The League of Nations was at first heralded as the bastion of a new system of international relations in Europe. The so-called 'old diplomacy' is known as the Westphalian System, since it had been in place since the Treaty of Westphalia, signed at the end of the Thirty Years War in 1648 by the major European powers. Under the Westphalian system the elites of government often met in secret to determine the fate of Europe and the world. World War I shattered the old system along with the empires that had maintained it. American participation in the war was a major step toward a shift in the balance of world power, and the beginning of the end for European dominance. The brutality, and to some, apparent needlessness, of the war and the changing face of European geography led to new ideas about how international affairs should be managed. The secretive nature of the Westphalian system had led to petty resentments, the pursuit of narrow self-interest, and the division of Europe into warring camps. Many, including Woodrow Wilson, felt that a more open, all- inclusive system would be more fostering to cooperation, a concept of international justice, and peace. The League was seen as a way to institutionalize these goals and strive for peace as a collective world community.
The League of Nations was an organization wracked by contradictions and insufficiencies from the start. Membership was determined by the acceptance of the Covenant of the League, which stated the goals and philosophy upon which it was founded. The covenant, however, had been drafted by small committees behind closed doors, thus violating the spirit of "open covenants openly arrived at" expounded by the Covenant of the League itself. This contradiction foreshadowed similar crises of ideology in the future for the League. The United State's failure to join the League of Nations was a major blow to the hopes of its founders, and to Wilson's view on the character of the 'new diplomacy.' It also marked the beginning of a period of US isolationism, which kept the US effectively out of European political affairs for the majority of the inter-war period.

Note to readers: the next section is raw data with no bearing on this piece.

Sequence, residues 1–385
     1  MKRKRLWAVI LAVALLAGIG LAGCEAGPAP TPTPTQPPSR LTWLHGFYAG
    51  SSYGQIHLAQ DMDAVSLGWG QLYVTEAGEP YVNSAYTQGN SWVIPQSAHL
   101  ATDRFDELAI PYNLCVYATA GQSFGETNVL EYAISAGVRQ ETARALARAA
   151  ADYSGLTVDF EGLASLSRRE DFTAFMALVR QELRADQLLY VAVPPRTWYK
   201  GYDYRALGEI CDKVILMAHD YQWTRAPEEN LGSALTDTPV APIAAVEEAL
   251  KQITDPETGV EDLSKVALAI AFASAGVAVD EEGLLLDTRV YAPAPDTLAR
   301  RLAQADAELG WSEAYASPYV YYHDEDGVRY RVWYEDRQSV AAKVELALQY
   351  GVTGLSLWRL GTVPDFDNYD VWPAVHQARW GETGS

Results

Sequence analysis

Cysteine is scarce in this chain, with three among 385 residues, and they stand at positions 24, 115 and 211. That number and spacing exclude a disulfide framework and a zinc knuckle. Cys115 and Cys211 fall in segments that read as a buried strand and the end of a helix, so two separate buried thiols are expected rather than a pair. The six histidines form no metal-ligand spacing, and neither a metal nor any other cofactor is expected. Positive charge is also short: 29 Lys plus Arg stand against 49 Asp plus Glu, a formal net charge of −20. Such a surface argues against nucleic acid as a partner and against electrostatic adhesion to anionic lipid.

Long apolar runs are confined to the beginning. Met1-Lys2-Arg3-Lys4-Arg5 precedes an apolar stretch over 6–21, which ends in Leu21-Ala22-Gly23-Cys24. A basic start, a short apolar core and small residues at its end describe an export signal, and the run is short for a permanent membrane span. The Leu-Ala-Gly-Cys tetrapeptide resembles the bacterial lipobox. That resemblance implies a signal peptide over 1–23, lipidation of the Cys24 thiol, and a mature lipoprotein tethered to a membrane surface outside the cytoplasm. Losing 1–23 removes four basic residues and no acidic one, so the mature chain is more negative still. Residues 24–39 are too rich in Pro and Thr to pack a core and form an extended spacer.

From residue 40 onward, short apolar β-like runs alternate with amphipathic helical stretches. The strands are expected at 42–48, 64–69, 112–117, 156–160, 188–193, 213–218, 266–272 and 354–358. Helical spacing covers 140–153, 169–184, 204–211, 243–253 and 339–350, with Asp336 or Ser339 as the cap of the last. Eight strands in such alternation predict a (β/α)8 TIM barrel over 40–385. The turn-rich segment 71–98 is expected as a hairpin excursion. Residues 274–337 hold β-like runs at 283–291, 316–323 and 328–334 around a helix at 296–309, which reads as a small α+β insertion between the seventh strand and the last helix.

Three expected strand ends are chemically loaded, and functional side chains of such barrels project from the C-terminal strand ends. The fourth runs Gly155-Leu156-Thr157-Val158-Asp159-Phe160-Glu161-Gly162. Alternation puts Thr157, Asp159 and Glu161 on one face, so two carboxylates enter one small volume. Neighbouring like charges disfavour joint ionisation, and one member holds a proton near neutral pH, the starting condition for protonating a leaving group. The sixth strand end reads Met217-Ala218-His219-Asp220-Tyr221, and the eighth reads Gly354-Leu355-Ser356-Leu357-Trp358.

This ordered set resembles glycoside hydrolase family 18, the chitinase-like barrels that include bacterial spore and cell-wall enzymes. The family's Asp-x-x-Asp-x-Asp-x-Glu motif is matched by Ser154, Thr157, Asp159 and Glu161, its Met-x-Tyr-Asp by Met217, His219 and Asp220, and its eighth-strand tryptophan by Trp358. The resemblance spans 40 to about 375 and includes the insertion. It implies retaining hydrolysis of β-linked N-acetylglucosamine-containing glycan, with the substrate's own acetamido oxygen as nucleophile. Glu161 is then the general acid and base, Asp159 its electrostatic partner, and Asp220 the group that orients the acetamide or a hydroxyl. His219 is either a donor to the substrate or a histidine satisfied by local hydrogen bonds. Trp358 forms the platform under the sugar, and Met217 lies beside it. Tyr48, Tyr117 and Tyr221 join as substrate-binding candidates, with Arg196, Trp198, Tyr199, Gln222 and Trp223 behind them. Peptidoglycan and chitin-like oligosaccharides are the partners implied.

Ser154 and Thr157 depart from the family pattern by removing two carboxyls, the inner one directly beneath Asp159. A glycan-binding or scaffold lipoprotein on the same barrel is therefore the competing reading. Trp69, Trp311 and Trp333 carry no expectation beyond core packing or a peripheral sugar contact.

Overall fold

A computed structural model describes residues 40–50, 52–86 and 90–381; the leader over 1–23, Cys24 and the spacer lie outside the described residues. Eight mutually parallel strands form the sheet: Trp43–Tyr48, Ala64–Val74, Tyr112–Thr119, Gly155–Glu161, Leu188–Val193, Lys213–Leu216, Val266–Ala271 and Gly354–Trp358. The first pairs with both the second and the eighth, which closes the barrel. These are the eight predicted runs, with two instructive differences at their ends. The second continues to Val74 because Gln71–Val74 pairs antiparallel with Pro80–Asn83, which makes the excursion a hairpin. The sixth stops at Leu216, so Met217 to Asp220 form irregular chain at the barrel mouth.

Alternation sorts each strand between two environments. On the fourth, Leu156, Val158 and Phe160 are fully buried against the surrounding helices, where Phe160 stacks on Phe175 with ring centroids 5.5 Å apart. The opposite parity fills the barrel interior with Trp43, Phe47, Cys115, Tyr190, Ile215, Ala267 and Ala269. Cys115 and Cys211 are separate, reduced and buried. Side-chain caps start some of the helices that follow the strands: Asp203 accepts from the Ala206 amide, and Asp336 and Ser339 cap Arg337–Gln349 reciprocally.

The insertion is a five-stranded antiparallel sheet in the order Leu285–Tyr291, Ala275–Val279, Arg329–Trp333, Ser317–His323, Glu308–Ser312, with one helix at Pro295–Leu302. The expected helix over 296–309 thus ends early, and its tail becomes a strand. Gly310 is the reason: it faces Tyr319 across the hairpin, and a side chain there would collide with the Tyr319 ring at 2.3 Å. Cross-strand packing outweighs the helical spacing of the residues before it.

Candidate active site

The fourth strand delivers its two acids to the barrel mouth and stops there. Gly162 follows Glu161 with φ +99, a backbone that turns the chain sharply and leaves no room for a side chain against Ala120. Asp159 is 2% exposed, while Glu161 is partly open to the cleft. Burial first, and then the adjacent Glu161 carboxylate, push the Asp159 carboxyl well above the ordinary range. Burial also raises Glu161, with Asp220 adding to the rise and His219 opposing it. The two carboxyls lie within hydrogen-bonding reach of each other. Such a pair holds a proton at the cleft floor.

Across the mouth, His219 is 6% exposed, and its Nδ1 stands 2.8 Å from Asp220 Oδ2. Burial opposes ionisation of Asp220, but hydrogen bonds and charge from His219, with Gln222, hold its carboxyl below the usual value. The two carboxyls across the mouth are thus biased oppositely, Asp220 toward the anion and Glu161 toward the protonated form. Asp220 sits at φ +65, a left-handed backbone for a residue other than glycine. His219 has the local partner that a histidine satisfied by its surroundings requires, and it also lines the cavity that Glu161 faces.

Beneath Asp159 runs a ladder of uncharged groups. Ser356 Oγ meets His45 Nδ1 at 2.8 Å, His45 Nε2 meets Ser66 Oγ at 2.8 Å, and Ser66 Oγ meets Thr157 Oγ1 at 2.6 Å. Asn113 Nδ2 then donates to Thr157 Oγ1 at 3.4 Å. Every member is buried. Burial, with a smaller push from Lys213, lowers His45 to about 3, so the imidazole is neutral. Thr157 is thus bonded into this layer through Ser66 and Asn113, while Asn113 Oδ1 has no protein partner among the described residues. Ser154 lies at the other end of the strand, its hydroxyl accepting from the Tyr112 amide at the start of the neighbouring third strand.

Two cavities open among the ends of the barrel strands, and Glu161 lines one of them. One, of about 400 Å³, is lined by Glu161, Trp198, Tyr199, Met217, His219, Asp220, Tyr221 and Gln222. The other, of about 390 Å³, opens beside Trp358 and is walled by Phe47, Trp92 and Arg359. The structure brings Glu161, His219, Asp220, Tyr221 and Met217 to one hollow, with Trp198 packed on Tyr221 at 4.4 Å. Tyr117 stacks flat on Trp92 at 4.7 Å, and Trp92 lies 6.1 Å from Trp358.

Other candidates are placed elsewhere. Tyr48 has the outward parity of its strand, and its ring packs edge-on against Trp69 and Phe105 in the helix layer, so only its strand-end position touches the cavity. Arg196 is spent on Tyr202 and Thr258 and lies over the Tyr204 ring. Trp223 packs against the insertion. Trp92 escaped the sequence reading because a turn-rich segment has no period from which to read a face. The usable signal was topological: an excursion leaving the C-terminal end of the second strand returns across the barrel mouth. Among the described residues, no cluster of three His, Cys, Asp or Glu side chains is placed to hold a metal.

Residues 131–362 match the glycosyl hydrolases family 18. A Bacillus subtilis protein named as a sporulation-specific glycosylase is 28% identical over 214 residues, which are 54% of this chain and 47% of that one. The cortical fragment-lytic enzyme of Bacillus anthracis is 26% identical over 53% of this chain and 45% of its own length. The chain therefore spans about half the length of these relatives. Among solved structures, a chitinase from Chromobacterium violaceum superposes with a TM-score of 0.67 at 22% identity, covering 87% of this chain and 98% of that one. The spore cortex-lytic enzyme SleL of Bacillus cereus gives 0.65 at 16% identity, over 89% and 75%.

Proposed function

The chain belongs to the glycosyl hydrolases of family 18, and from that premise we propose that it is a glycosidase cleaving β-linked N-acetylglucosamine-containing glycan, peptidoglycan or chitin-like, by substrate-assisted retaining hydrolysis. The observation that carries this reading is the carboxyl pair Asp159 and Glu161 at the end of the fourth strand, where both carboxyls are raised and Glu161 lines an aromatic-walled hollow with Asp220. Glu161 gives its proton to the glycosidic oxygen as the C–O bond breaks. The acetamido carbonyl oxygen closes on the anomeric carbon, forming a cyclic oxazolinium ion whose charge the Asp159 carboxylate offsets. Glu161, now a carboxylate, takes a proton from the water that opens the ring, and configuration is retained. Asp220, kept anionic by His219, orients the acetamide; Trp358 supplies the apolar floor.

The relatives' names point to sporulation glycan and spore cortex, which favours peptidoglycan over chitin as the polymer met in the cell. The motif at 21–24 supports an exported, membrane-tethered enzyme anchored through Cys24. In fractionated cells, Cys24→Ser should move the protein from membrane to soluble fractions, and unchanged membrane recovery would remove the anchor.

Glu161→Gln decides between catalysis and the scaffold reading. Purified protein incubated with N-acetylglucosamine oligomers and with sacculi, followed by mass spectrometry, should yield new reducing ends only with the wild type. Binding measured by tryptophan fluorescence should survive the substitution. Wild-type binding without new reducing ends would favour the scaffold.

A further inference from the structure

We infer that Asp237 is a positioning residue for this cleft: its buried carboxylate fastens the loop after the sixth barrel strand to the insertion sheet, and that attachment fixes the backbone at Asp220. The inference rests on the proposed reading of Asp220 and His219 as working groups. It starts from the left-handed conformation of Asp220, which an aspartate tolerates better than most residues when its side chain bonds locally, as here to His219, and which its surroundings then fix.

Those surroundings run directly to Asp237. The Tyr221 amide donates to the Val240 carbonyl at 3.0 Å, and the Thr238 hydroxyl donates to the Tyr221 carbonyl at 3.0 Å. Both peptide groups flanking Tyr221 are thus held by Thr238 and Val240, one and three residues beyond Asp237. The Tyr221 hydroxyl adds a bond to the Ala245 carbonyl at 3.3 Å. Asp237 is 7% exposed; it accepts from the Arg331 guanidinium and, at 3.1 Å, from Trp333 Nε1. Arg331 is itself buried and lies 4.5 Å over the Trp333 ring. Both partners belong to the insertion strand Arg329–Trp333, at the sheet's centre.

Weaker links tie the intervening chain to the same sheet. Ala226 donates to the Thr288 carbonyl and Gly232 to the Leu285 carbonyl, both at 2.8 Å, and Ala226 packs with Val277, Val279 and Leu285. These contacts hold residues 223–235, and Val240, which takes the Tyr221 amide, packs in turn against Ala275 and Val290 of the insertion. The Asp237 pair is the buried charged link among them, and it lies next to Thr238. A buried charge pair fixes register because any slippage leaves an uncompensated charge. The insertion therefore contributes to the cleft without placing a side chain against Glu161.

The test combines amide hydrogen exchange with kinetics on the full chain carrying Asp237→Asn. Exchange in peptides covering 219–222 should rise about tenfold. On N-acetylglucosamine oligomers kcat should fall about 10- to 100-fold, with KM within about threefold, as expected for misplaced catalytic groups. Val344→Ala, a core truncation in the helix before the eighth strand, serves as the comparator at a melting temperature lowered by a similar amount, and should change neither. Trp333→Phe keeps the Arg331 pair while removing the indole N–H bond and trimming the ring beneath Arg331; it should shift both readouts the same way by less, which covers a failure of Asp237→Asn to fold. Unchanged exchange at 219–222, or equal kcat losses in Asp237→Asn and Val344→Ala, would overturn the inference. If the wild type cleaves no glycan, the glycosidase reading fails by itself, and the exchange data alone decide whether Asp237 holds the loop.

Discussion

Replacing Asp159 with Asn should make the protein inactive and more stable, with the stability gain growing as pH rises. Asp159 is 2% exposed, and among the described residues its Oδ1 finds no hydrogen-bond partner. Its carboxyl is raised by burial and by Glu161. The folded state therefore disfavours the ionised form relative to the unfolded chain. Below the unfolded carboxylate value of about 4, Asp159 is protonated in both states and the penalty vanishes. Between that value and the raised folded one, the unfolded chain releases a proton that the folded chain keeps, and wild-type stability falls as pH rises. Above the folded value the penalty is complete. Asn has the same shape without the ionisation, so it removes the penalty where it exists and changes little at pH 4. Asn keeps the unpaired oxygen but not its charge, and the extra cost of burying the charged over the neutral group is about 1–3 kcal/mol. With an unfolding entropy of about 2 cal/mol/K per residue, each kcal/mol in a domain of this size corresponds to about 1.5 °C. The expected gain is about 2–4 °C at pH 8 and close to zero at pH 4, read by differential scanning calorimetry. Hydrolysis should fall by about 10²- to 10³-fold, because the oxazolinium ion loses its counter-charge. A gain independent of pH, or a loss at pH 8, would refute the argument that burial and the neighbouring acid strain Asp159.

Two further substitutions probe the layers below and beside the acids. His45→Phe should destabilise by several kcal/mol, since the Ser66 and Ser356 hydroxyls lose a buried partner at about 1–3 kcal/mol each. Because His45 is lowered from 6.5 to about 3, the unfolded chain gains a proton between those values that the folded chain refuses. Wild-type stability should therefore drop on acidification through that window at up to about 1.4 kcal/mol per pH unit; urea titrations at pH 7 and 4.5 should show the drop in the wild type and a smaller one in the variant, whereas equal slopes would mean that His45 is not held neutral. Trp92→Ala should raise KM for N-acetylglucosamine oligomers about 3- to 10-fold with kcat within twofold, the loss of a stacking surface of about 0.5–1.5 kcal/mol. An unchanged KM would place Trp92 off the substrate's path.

The founding and structure of the League of Nations was established primarily for the purpose of preventing future wars, a new concept for Europeans who traditionally believed that war was a necessary and inevitable outgrowth of international relations. However, the League could not come to a decision on how best to do this, without infringing on the sovereignty of the member countries, as would have been the case if the Treaty of Mutual Assistance or the Geneva Protocol had been passed. The failure of these two measures left the League with only the power to invoke economic sanctions against a nation determined to be the aggressor in a conflict, and greatly called into question the authority and ability of the League to mediate conflicts. The League of Nations thus exercised only limited powers, and did so clumsily. Most powerful nations preferred to manage their affairs outside of the League, only rarely deferring to the League's authority. Despite these shortcomings, the League of Nations did accomplish some of its unification and pacification goals, and perhaps most importantly, set the stage for the United Nations, which would take its place after World War II.